Genethon receives approval from the UK medicine regulatory agency to start a new clinical trial for an inherited immune deficiency: chronic granulomatous disease

On January 10th, the British Medicine and Healthcare Regulatory Agency (MHRA) approved Genethon’s Phase I / II gene therapy clinical trial application in X-linked chronic granulomatous disease (XCGD) to start at Great Ormond Street Hospital in London. Genethon is also seeking approval for this multicenter trial in Germany, Switzerland and France. In total the trial will include 20 patients (5 per site) to be treated and followed up for 2 years. Genethon also obtained Orphan Drug designation for this treatment from the European Medicines Agency (EMA).

XCGD, a rare genetic disease that selectively affects males, is characterized by an inability of cells of the immune system to produce oxidants necessary for the destruction of micro-organisms entering the body. This deficiency is caused by a defect in the gene coding for an enzyme, NADPH-oxidase, which is normally present in white blood cells such as neutrophils, and which is essential for antimicrobial defenses.

Because of this deficiency XCGD patients are prone to infections caused by fungi and bacteria. XCGD affected children suffer repeated infections, internal abscesses, pneumonia and chronic inflammation. The disease is severe and debilitating, requiring constant treatment to limit infections with sometimes long term hospitalizations. Life expectancy without treatment is 30 to 40 years. Treatment by bone marrow transplantation has made progress, but this approach is not possible for all patients. Gene therapy, which has already been used successfully in other immune deficiencies, represents a hope of cure for patients not eligible for bone marrow transplantation.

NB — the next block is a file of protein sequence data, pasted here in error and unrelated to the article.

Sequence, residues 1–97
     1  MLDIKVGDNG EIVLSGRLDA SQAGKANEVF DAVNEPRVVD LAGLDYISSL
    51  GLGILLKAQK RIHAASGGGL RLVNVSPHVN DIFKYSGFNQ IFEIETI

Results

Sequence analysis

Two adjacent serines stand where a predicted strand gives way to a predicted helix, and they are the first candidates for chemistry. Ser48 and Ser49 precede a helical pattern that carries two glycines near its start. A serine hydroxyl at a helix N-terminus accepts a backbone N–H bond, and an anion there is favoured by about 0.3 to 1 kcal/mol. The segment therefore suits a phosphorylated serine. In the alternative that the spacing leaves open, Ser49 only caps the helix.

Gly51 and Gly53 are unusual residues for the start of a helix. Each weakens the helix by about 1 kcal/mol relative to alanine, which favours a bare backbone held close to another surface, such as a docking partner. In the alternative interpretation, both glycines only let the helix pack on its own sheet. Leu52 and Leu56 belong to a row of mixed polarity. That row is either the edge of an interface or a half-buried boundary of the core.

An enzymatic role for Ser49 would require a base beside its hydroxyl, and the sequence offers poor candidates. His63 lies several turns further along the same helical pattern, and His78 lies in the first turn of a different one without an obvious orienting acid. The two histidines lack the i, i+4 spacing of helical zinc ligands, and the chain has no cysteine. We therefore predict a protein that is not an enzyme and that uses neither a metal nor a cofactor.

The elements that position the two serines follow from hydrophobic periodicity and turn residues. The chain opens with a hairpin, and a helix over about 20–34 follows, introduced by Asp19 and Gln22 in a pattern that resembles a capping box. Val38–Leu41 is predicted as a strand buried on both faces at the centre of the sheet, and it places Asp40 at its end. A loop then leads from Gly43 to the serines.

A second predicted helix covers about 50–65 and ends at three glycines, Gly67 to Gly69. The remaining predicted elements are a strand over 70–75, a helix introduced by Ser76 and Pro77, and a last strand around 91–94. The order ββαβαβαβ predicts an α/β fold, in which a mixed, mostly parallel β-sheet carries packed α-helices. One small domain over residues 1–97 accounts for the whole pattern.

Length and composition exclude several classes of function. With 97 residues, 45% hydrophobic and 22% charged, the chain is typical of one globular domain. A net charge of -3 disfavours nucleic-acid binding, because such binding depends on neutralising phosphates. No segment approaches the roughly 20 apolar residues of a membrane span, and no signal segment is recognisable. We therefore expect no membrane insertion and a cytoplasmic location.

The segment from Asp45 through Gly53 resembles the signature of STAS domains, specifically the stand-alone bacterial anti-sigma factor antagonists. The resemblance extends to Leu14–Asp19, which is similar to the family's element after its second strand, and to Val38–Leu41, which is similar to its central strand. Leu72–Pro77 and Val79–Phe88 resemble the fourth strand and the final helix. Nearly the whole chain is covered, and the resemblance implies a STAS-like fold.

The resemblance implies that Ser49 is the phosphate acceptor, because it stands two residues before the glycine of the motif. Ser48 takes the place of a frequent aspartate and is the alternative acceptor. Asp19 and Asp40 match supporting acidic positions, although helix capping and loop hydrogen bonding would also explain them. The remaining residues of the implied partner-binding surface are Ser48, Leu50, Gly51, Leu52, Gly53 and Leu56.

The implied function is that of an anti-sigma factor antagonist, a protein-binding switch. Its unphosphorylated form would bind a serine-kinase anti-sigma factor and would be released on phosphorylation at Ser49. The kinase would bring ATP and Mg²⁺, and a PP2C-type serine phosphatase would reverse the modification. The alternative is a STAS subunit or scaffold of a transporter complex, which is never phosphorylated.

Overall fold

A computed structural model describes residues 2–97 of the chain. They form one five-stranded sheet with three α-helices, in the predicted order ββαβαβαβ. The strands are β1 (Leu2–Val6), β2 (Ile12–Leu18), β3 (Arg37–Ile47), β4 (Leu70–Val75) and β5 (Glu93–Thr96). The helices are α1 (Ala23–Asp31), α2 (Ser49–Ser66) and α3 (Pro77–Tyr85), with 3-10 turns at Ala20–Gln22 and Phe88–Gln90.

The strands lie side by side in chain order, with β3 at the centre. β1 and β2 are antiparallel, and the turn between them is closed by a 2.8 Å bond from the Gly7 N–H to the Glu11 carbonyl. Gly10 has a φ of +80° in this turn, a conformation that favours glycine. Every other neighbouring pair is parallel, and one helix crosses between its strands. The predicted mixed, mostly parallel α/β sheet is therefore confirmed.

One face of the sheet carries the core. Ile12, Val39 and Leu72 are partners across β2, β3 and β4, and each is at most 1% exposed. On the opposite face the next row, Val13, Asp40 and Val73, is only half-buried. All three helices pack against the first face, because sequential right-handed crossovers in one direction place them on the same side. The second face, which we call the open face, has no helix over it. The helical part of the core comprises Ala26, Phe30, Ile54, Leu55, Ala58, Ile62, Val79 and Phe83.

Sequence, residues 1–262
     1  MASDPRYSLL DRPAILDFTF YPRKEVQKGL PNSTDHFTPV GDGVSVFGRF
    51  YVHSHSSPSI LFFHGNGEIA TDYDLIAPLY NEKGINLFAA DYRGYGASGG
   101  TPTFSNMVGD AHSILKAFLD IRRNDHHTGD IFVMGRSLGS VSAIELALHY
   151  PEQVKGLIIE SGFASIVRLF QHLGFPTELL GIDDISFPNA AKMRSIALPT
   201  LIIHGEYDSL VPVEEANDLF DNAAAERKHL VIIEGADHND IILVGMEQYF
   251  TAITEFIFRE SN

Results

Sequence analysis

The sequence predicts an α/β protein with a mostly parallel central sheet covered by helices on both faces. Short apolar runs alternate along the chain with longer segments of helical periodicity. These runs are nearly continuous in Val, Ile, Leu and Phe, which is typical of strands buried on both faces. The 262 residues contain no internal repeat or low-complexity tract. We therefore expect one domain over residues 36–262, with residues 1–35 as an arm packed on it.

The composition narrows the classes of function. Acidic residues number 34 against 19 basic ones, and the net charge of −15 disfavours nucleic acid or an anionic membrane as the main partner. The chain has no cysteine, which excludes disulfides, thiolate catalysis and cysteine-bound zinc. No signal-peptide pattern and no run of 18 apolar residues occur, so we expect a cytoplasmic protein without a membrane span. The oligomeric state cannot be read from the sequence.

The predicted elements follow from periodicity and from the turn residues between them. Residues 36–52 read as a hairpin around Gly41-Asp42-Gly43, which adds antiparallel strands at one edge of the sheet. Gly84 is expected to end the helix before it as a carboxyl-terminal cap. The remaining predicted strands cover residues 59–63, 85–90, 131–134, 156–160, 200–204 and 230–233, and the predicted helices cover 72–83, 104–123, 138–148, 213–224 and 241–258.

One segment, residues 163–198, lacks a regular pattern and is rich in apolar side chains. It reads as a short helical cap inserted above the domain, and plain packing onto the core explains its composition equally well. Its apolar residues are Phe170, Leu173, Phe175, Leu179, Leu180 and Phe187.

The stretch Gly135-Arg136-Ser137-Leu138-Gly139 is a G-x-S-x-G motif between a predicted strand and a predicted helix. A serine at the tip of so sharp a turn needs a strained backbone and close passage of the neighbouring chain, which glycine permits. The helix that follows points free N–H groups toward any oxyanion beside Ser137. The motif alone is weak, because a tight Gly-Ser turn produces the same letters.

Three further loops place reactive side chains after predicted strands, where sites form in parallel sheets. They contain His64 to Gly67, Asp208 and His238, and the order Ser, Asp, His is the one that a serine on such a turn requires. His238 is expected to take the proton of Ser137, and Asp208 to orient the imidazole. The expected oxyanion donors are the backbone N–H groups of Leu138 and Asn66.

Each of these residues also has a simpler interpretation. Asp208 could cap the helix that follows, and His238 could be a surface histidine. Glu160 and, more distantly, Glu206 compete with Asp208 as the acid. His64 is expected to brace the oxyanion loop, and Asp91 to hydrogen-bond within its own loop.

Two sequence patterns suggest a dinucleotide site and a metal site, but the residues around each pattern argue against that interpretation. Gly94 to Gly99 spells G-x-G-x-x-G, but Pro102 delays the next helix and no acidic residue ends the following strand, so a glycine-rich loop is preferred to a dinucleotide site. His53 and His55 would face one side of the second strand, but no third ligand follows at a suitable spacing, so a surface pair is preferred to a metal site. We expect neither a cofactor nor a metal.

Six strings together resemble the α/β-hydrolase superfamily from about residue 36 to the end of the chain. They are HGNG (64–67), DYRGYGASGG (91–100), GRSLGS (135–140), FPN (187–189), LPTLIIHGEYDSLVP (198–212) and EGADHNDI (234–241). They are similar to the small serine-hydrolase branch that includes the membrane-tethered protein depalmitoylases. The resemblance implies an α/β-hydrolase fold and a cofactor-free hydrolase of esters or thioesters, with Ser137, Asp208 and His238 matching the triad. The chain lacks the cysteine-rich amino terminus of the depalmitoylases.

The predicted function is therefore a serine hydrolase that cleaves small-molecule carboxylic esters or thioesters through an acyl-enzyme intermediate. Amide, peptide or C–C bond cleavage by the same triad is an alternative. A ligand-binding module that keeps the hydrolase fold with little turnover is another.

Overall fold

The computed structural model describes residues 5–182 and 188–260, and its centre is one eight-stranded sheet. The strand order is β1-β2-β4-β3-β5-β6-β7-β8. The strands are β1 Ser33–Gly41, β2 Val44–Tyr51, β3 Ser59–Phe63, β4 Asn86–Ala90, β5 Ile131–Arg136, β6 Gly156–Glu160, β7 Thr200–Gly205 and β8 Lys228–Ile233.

The gene therapy approach consists in restoring the activity of NAPDH oxidase which is deficient in phagocytic cells of XCGD patients (neutrophils, monocytes / macrophages) by gene transfer using a lentiviral vector. The lentiviral vector was developed at Genethon by Dr. Anne Galy (Inserm/UMR951/Genethon, UEVE, EPHE), in collaboration with Dr Adrian Thrasher (Great Ormond Hospital, London) and Professor Manuel Grez (Georg Speyer Haus, Frankfurt). Clinical vector batches that will be used to treat patients are produced under GMP (Good Manufacturing Practices) conditions at Genethon.

This clinical study is sponsored by Genethon and will be conducted in parallel in England by Professor Adrian Thrasher and Bobby Gaspar at Great Ormond Street Hospital in London, in Germany by Professor Hubert Serve at the University Hospital in Frankfurt, in Switzerland by Professors Reinhard Seger and Janine Reichenbach at Children’s Hospital of Zurich and in France by Professors Alain Fischer, Marina Cavazzana-Calvo, Stéphane Blanche and Salima Hacein-Bey-Abina at the Necker Hospital for Sick Children in Paris. This multicenter international effort, called Net4CGD, is supported by the European Commission through funding from the FP7 HEALTH-2012-INNOVATION-1. for which Genethon is the coordinator.

“This new approval confirms the excellence of our laboratory Genethon thanks to the support of the donors of Telethon. Innovative therapies are not only a real hope of cure for patients with genetic immunodeficiencies but, more broadly, a therapeutic strategy capable of revolutionizing medicine for rare diseases and also for more prevalent disorders ” asserts Laurence Tiennot-Herment, President AFM-Telethon.

For Fulvio Mavilio, Scientific Director of Genethon: “This new gene therapy trial for a rare and severe immune system disorder led by Genethon, in collaboration with the best European clinical experts in the field, once again demonstrates the unique ability of our laboratory to develop therapeutic projects, from proof of concept to clinical trials including the manufacturing of the drug. “

Genethon, which was created and funded by the AFM Telethon, is the promoter of two international gene therapy trials in immunodeficiencies (Wiskott Aldrich syndrome, XCGD) and has several projects at the preclinical stage for neuromuscular diseases, certain genetic forms of blindness, as well as for nervous system and liver disorders.